06:40, July 28 57 0 theguardian.com

2017-07-28 06:40:03
Pentonville prison report attacks 'squalid, inhumane' conditions

A prison where two cellmates made an audacious escape bid after sawing through a metal bars has been labelled “overcrowded” and “inhumane”.

A report by HMP Pentonville’s independent monitoring board (IMB) described conditions as “squalid” and said dilapidated windows were worsening a drug problem at the Victorian prison in north London.

The board found blocked toilets and leaking sewage at the prison and added that the killing of 21-year-old prisoner Jamal Mahmoud and the escape of Matthew Baker, 29, and James Whitlock, 32, demonstrated “serious shortcomings”.

Members of the IMB visit the jail several days a week throughout the year and said “aspects of the physical environment of Pentonville are inhumane”.

The report said: “Confining two men in a cell measuring 12 feet by eight feet is not humane treatment.

“One has to eat his meal in the cell while the other may be sitting on a badly screened toilet a few feet away.

“Aspects of the physical environment are squalid, with blocked toilets, leaking sewage, and broken facilities meaning prisoners regularly go without showers, clean clothes and hot food.

“The prison struggles to ensure the basics of decency largely due to the outsourced provider responsible for maintenance: Carillion.”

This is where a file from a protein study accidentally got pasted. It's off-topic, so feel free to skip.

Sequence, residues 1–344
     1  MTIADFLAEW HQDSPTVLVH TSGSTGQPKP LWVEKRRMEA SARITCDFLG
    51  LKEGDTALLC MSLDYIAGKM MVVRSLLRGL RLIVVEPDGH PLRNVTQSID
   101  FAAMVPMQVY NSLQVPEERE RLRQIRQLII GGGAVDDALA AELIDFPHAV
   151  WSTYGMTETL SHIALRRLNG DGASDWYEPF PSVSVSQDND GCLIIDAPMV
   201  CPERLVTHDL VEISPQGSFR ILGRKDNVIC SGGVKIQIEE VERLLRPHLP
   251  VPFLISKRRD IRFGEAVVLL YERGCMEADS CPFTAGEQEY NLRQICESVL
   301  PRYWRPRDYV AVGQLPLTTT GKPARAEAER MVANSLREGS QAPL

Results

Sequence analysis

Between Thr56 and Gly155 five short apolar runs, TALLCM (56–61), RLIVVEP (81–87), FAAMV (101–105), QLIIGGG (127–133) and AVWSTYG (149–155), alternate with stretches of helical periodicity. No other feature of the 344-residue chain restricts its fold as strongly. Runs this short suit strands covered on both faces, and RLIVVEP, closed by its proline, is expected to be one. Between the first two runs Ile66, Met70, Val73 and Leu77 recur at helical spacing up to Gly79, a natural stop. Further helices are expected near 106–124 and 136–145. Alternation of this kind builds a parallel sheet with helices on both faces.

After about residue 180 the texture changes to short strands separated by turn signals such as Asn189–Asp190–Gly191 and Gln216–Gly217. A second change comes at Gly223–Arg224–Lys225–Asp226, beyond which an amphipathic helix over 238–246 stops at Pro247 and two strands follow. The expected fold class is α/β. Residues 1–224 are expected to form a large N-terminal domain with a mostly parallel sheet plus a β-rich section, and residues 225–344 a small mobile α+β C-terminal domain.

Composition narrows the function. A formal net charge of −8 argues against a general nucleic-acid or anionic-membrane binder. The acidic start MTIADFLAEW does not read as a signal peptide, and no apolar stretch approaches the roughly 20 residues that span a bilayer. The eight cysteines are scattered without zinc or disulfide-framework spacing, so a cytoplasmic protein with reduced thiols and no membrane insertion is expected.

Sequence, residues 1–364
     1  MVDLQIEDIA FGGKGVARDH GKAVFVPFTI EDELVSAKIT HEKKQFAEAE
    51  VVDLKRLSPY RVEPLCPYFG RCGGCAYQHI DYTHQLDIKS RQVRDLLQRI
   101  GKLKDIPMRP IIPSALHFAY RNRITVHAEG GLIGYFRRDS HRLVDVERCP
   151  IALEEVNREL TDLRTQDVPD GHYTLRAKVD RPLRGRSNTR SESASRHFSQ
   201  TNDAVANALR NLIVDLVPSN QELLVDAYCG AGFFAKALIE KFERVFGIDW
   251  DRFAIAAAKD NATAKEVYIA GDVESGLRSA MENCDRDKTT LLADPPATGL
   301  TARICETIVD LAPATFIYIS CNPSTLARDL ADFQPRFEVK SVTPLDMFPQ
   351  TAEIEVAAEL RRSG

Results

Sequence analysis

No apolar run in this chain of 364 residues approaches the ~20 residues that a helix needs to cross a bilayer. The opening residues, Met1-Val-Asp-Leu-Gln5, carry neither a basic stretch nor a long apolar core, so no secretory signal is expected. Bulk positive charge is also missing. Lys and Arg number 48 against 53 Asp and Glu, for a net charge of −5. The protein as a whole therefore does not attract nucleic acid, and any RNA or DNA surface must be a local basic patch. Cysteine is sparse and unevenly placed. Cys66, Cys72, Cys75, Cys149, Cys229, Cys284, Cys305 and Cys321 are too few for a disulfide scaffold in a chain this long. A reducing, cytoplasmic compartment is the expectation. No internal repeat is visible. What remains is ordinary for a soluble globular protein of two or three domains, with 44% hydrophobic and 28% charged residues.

It concluded “the contract is working neither for Pentonville nor the taxpayer”.

The category B prison was holding 380 more men than the Prison Service deemed it suitable for, the IMB said.

Last year’s report on the prison raised concerns about the risk to safety from the prison’s old windows. The National Offender Management Service recommended following the death of Mahmoud in October 2016 that they be replaced.

It said: “Less than a month later two prisoners escaped through a cell window.

“Until all the windows are replaced contraband received by drone or from throw-overs will continue to put the safety of staff and prisoners at risk.

“If cells cannot contain prisoners, then the safety of the public is also at risk.”

The report praises recent improvements at the site, including the use of body-worn cameras for uniformed staff and the introduction of anti-drone technology, but raised concerns about the number of assaults on staff, of which there were on average about 10 a month.

Meanwhile, a Welsh assembly member has said staffing levels must be urgently reviewed after an explosive device “erupted” at HMP Cardiff.

The incident came to light after a whistleblower from the city centre prison raised concerns with Plaid Cymru AM Bethan Jenkins, saying it was so understaffed inmates could take over the prison in less than 10 minutes in a riot.

A spokesman from South Wales police said no one was injured when “a bottle containing an unknown liquid erupted and slid across the floor” on 15 June.

Four men were arrested, three of whom remained under investigation, while the fourth would not face further action, he added.

Jenkins, AM for South Wales West and Plaid Cymru’s spokesperson for communities, called on the UK government to conduct an urgent review of staffing levels and security across the prison estate.

A Prison Service spokesman confirmed the incident took place and that no prisoners or staff were hurt: “The matter was referred to the police and it would be inappropriate to comment further at this stage.”